It's 6 a.m. on April 8 as I head out for a hike on Mount Lemmon, in Arizona's Coronado National Forest. Today, the temperature in Tucson will break 90 degrees, so I'm looking forward to the cooler, higher elevations.
Passing Rose Canyon, I notice the campground is still closed. Making a quick decision, I pull into the empty parking area beside the highway. This may be the last opportunity I'll have for several months to enjoy a free, peaceful and uninterrupted walk in these woods.
Back in the 1950s, as a public service, the U.S. Forest Service created Rose Canyon Lake by damming Rose Creek at the place where the canyon narrows into a steep-sided slot. For generations, the lake has provided a tranquil setting for those wishing to spend quiet time enjoying nature, completely free of charge.
But the times they are a-changing, and so is the "public service" role of the Forest Service.
This morning, a gentle breeze sings softly in the tops of towering ponderosa pines. At 7,000 feet above sea level, the air is clean and sweet. I walk past a sprawling picnic pavilion crowded with concrete tables, festooned with banquet-sized cooking grates and covered by a large metal roof. "Reservations Required to Use This Site," the sign reads. "Contact Reserve America."
Shortly, I pick up meandering Rose Creek. Though it has been a dry winter, there is still a trickle of water, and I find a few shallow pools. By staying near the creek, I mostly avoid the pavement—lined with 72 developed campsites—that leads for a mile-and-a-half down to the lake.
By and by, a curve in the road crosses the creek, and just around the bend I spot a large recreational vehicle. The "campground host" is setting up for the season. An American flag hangs prominently next to the RV, giving the impression that the inhabitant is a representative of the U.S. Forest Service. He is not, however: The Forest Service outsources management of its most popular campgrounds to private concessionaires. This particular campground host works for a Phoenix-based corporation called Recreation Resource Management. Though the company's vehicles and uniforms resemble those of the federal agency, these employees are not the noble forest rangers of days gone by, nor do they own the land they manage. American taxpayers have provided the infrastructure, including the recently completed, six-year renovation at Rose Canyon. In exchange for running the site, the concessionaire collects the profits.
But national forest concessionaires don't honor federal agency passes or follow the same rules that govern the Forest Service when it comes to fees. I notice that the fee booth on Mount Lemmon is closed. That is because the law does not allow the Forest Service to charge visitors for simple access—for parking and walking through the national forest. But when RRM opens the campground at Rose Canyon, all visitors will have to pay $10 just to park and walk around the lake. In fact, even if you park along the highway, as I did, RRM will charge you for walking through "its" campground, built with your tax dollars.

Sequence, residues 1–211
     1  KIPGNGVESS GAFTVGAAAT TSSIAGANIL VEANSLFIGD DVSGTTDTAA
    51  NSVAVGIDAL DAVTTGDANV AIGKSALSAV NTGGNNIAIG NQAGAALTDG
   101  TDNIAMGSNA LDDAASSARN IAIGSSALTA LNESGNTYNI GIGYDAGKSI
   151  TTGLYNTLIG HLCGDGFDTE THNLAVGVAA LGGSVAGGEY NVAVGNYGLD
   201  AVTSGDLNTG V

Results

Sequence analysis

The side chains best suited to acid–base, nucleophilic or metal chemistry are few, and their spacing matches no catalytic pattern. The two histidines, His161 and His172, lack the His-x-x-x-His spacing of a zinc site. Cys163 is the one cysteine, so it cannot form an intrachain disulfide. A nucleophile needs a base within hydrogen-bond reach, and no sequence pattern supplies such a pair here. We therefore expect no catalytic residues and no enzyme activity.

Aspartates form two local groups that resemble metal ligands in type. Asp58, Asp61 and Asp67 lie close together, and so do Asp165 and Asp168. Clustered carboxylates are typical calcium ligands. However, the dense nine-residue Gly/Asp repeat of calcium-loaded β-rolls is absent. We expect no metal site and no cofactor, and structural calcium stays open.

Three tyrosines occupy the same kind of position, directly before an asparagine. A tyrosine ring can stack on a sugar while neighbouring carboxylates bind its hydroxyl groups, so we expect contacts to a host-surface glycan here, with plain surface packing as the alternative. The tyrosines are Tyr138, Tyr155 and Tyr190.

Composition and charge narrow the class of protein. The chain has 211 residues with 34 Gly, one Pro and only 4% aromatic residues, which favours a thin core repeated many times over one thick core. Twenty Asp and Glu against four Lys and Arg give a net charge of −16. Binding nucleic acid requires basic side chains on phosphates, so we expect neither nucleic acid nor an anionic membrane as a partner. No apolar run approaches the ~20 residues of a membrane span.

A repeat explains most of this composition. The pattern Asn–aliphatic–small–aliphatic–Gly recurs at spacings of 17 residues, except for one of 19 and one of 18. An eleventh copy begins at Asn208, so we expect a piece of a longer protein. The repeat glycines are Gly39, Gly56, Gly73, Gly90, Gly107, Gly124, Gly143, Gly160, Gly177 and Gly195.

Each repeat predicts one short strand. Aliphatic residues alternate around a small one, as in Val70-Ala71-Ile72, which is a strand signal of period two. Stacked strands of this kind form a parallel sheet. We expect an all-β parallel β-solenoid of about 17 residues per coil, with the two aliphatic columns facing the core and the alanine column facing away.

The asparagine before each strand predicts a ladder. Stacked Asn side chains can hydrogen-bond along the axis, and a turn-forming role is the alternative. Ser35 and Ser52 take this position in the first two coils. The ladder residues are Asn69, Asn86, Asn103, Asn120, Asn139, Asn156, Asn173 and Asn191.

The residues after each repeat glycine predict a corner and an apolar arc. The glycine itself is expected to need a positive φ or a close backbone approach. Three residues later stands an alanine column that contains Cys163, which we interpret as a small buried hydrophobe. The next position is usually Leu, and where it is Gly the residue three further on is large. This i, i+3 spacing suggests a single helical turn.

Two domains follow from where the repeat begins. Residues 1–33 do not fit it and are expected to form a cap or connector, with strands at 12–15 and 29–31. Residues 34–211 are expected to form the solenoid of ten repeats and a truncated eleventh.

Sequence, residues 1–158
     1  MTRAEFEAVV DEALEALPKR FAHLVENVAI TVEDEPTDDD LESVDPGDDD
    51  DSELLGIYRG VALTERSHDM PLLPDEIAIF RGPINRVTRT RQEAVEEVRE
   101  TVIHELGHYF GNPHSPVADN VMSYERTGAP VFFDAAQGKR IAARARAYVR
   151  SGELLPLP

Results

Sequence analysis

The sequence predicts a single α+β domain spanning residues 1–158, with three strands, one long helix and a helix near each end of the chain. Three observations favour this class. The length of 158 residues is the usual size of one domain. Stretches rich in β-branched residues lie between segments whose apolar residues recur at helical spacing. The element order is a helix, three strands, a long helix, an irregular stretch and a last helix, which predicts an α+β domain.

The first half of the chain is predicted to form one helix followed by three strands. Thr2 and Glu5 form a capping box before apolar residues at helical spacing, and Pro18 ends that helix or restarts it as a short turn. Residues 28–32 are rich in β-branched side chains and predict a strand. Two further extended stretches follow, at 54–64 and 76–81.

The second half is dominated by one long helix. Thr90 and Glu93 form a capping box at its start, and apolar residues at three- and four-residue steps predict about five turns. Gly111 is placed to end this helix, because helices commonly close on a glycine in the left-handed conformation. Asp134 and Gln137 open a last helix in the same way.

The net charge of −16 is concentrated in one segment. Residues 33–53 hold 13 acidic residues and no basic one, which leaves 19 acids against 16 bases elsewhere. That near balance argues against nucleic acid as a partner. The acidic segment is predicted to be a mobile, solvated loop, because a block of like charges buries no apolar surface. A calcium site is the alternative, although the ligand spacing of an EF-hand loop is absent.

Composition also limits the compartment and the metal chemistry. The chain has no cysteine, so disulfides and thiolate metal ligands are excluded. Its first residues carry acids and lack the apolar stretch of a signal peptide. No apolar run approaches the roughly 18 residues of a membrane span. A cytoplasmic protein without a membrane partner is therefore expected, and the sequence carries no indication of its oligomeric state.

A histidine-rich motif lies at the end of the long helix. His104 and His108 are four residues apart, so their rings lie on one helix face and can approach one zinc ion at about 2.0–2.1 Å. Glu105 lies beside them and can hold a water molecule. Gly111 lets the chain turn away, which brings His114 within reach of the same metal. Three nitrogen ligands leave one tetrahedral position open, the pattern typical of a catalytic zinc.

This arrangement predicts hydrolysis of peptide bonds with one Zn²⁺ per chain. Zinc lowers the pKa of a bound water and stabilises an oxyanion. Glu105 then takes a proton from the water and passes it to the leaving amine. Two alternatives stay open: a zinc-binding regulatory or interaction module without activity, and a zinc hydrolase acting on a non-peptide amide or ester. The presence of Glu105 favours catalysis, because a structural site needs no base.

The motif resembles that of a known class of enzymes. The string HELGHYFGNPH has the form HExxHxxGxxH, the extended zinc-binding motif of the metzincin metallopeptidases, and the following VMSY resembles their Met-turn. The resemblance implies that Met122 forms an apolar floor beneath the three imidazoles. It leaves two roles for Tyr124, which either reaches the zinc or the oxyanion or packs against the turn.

It seems shocking to say it, but this privatization of what were once public resources was recently upheld in district court, in a lawsuit in which I was one of six plaintiffs. We challenged the Coronado and four other national forests' use of concessionaires to evade laws that restrict what fees the agency itself can charge. We lost.
I reach the shore and see, out in the lake, a pair of ducks trailing ripples on its glassy surface. No one else is around on this glorious morning. I'm going to use this quiet time to reflect on what to say in a letter to my congressman. The law that governs fees in national forests is up for renewal or replacement this year, and I believe these fees must be fought, and fought hard.
Only Congress can end the unhealthy alliance that has developed between the Forest Service and its concessionaires. Concessionaires have introduced a profit motive into the management of our national forests, and, as a result, the job of preserving the natural character of Rose Canyon has suffered.
Unfortunately, the Forest Service seems bent on placing its private partners' profitability above public service. The development that, as taxpayers, we all paid for is plain to see. But this summer, when it's 100 degrees in Tucson, you'll only see it if you pay the price of admission.
Greg Lewis is a contributor to Writers on the Range, a service of High Country News (hcn.org). He is an Elder for ecological issues at Southside Presbyterian Church in Tucson, Arizona.